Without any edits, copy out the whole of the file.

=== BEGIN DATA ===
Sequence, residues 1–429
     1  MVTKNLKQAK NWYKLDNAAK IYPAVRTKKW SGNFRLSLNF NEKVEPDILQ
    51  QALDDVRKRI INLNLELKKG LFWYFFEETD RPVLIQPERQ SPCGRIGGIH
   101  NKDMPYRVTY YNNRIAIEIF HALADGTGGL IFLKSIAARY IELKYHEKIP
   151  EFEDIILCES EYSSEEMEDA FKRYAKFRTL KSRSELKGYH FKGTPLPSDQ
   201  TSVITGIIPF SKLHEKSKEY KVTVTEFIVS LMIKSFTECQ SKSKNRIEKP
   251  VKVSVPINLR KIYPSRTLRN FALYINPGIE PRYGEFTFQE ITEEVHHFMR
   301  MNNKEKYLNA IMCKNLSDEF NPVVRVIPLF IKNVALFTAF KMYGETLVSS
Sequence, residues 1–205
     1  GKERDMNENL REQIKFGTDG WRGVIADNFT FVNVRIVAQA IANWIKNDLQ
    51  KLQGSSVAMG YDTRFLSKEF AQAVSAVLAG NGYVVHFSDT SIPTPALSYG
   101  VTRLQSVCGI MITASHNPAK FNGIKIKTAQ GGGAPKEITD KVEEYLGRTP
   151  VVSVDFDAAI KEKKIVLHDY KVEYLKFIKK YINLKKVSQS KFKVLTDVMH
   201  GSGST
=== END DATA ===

Sequence, residues 1–429
     1  MVTKNLKQAK NWYKLDNAAK IYPAVRTKKW SGNFRLSLNF NEKVEPDILQ
    51  QALDDVRKRI INLNLELKKG LFWYFFEETD RPVLIQPERQ SPCGRIGGIH
   101  NKDMPYRVTY YNNRIAIEIF HALADGTGGL IFLKSIAARY IELKYHEKIP
   151  EFEDIILCES EYSSEEMEDA FKRYAKFRTL KSRSELKGYH FKGTPLPSDQ
   201  TSVITGIIPF SKLHEKSKEY KVTVTEFIVS LMIKSFTECQ SKSKNRIEKP
   251  VKVSVPINLR KIYPSRTLRN FALYINPGIE PRYGEFTFQE ITEEVHHFMR
   301  MNNKEKYLNA IMCKNLSDEF NPVVRVIPLF IKNVALFTAF KMYGETLVSS
Sequence, residues 1–205
     1  GKERDMNENL REQIKFGTDG WRGVIADNFT FVNVRIVAQA IANWIKNDLQ
    51  KLQGSSVAMG YDTRFLSKEF AQAVSAVLAG NGYVVHFSDT SIPTPALSYG
   101  VTRLQSVCGI MITASHNPAK FNGIKIKTAQ GGGAPKEITD KVEEYLGRTP
   151  VVSVDFDAAI KEKKIVLHDY KVEYLKFIKK YINLKKVSQS KFKVLTDVMH
   201  GSGST